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'Russians obstacle to peace.' Clinton
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MK: Bill Clinton must apologize over remarks on Russian immigrants
Embassy says former US president 'private citizen who has right to speak his mind. Yisrael Beiteinu's Shemtov: Some Russians were killed by rifles he gave to terrorists

US Ambassador to Israel James B. Cunningham has rejected an invitation to take part in a Knesset debate on comments made by former President Bill Clinton regarding Israel's Russian immigrants, Ynet reported Wednesday.

 

"The former president is a private citizen," the embassy said, but the Yisrael Beiteinu party claimed he serves as a "US envoy all over the world" and receives a pension from the administration.

 

Clinton expressed his fear that the large numbers of Russian immigrants and settlers serving in the IDF will make it hard for the army to confront the West Bank's Jews if this should be required. An increasing number of IDF soldiers are children of Russians and settlers, who are those most strongly opposed to dividing the land, the former president said. He noted this was a serious problem, and that Israel had changed – some 16% of Israelis now speak Russian.

 

Ynet has learned that in discussions with Knesset members, US Embassy officials also expressed their reservations about Clinton's comments.

 

MK Lia Shemtov (Yisrael Beitenu), chairperson of the Committee for Immigration, Absorption and Diaspora Affairs, said the Russian immigrants are "Zionists who love their country and, like all citizens, wany to live their lives in peace and security.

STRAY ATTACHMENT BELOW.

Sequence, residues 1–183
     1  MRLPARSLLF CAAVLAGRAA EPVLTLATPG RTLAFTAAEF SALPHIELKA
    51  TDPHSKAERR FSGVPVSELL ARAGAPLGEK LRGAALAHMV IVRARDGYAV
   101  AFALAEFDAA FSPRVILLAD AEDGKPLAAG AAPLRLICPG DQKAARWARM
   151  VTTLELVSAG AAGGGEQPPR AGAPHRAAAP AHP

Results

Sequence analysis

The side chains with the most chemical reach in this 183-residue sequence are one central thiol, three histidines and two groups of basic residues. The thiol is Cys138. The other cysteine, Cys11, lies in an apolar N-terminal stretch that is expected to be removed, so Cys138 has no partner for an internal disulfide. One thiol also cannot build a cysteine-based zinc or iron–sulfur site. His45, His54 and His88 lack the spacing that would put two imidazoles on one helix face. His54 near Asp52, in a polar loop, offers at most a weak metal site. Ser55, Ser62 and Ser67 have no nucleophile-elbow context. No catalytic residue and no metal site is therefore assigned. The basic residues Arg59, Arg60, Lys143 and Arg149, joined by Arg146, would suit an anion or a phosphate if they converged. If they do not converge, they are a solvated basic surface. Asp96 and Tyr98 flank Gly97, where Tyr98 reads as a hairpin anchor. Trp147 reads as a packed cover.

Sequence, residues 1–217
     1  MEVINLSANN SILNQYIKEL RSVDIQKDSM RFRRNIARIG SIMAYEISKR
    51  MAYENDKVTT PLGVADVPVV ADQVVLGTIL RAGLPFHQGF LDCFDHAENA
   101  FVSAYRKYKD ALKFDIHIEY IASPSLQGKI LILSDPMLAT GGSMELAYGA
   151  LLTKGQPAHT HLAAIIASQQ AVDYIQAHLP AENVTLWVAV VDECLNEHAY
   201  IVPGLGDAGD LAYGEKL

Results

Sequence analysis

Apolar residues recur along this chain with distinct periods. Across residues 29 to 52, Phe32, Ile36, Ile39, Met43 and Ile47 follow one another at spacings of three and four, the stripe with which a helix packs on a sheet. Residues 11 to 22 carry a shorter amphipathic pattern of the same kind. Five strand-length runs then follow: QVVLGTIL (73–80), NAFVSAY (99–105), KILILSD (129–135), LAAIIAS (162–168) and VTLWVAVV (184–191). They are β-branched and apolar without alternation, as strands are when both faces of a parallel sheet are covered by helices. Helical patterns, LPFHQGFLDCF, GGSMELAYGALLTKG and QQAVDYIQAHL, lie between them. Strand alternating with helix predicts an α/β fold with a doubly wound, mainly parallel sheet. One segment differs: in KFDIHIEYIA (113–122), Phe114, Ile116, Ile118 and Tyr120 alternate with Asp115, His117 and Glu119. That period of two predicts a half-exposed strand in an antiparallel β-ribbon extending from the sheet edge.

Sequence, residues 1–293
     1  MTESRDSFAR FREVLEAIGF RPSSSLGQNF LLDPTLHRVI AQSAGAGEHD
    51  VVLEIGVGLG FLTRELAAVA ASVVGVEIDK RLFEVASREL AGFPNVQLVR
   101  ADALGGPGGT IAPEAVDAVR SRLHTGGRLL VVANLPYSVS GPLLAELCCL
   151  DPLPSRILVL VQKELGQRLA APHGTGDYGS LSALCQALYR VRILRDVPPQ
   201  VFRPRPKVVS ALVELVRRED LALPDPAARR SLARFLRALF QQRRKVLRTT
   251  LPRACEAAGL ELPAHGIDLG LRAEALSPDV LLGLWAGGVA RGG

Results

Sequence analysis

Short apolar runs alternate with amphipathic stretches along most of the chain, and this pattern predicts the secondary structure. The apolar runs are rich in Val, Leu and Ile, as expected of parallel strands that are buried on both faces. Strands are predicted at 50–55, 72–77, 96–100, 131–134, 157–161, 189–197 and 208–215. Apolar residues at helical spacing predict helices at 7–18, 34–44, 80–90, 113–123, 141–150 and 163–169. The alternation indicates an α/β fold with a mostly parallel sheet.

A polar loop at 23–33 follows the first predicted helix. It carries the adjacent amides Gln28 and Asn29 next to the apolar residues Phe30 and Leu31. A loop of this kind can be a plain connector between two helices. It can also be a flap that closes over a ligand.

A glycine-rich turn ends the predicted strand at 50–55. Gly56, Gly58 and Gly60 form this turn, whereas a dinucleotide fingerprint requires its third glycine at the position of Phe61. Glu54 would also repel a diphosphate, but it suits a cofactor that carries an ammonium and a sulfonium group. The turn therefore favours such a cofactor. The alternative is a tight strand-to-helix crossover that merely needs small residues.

"Some of them were killed by rifles Clinton gave to terrorists," she said. 

 

The US Embassy said in response: The administration is not responsible for comments made by a private citizen who has a right to speak his mind, as is customary in Israel as well.

 

During the committee's meeting, Shemtov called on Clinton to apologize "to the Russian immigrants and the State of Israel."

 

Dr. Ze'ev Khanin, chief scientist of the Absorption Ministry, said most immigrants define themselves as supporters of the center-right parties, with only 5-7% of them claiming to vote for left-wing factions.

 

Professor Yaacov Roi of Tel Aviv University explained that immigrants lean to the right "due to the historic baggage of the persecution their ancestors suffered in Russia, the lack of political influence and the fact that the disputed lands were conquered by Israel in the Six Day War, which is a major factor in (the immigrants') emotional connection to Israel."

 

 


First published: 06.10.10, 10:38
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